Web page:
Just over a month into his 2018 Mountain High Tour, Dierks Bentley has plenty of antics from the road to share: Some of the highlights so far include a carefully orchestrated Ryman Auditorium showcase, a basketball challenge and a spiritual mentor Bentley has dubbed a "duru." With opening acts Brothers Osborne and Lanco in tow, after all, the tour was never not going to be a party (Bentley previously stated that he planned to make sure the experience was one to remember for both the fans and the musicians involved).

To celebrate The Mountain's release, Bentley planned a late-night showcase at the Ryman the evening before the album dropped (June 7), during which he played the entire album from top to bottom, concluding at midnight, right as the project became available for purchase. "It was a bit of a challenge, because timing was more mathematical than it was musical," Bentley recalls to The Boot and other media outlets. "There were songs to remember, charts to remember."

However, Bentley adds, the experience turned out to be a deeply memorable one: "It's almost like a funeral, because everyone that's ever meant something to you in your life is there," Bentley explains. "It's like a celebration of life. It was a lot of pressure, but it was really special. I loved it."

Out on the road, Bentley entered into a playful rivalry with Lanco after suggesting that the band's members couldn't handle his tour workouts. In response to the teasing, Lanco challenged Bentley to a basketball bet, and suggested that their tour boss might be too scared to take them up on the offer.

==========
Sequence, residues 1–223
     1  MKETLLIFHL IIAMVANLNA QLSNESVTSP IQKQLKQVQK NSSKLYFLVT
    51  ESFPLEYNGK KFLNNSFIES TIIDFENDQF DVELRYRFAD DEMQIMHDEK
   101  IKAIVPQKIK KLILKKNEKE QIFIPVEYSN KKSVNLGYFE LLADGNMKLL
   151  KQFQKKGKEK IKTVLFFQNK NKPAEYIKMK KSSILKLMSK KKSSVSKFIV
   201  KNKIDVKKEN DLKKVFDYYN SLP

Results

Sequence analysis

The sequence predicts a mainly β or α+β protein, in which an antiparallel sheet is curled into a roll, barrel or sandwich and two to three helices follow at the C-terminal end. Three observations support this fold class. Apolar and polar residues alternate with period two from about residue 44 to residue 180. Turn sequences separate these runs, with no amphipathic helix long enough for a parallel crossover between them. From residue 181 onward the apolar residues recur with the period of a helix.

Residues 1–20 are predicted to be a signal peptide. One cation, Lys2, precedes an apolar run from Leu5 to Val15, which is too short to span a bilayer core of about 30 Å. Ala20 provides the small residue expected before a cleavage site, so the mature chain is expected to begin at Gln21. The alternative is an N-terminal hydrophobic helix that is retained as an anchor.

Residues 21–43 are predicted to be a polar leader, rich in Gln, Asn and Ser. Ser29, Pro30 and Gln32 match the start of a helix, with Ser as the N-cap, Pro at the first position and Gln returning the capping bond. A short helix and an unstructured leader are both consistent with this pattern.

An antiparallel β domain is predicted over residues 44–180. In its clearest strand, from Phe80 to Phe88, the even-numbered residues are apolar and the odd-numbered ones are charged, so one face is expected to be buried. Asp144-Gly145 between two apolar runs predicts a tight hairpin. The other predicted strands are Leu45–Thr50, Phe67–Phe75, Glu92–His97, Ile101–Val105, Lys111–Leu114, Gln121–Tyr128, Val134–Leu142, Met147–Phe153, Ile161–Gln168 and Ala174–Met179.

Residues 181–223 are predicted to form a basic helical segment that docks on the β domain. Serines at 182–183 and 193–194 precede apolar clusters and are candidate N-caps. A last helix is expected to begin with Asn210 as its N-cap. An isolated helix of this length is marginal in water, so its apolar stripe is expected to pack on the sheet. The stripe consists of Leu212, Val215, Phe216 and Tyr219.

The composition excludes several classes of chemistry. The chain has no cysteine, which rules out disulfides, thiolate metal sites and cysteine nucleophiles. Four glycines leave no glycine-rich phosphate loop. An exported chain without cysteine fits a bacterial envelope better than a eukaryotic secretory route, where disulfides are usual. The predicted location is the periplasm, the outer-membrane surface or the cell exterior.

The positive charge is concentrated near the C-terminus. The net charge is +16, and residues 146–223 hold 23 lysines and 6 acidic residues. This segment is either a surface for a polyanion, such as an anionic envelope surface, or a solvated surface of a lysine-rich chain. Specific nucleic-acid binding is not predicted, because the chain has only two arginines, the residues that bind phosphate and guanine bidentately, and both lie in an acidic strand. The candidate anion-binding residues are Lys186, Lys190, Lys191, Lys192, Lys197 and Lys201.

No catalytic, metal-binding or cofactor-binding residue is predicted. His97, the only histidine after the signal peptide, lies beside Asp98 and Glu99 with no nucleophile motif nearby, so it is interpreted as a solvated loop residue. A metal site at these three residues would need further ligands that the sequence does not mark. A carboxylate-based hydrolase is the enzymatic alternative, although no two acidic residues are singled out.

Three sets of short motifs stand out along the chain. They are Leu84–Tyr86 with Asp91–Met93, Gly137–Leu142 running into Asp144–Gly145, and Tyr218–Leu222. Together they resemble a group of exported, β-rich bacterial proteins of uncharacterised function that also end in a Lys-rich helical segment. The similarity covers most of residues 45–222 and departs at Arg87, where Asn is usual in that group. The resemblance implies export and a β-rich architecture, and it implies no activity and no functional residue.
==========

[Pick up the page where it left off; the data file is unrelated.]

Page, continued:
"Oh my God, I'll play some basketball," Bentley responds. "We're just getting started on this tour."

While Bentley clearly understands the importance of staying fit on tour, he also makes it a point to tend to his tourmates' spiritual well-being. Among the activities Bentley offers backstage is guidance from a spiritual adviser called a "duru," which, he says, is a combination of the words "dude" and "guru."

"It's a very unique position on the road," Bentley says. "We're starting a new trend. Everybody has to have a duru out there. It's all part of the Mountain High experience."

Bentley adds that, in dreaming up some of his more bizarre tour practices, he had the Brothers Osborne in mind: "They're some weird guys, so I try to keep it weird for them," he teases. "I recently got into plunge baths, ice baths. Because, on the road, why not? I also brought a friend out on the road, and he's a really positive person who gets you fired up, and he brought a device: If an iPhone has a charger, this device is like a body charger. I don't know how much it's actually true, but we've all felt pretty good out there."

According to Bentley, his road activities are all in keeping with the album's themes of gratitude, being present in the moment and living each day to the fullest.

"My goal for the road -- and it has been for a little while -- is to get us all living," he says. "I'm trying to pack as much living as I can into every day."

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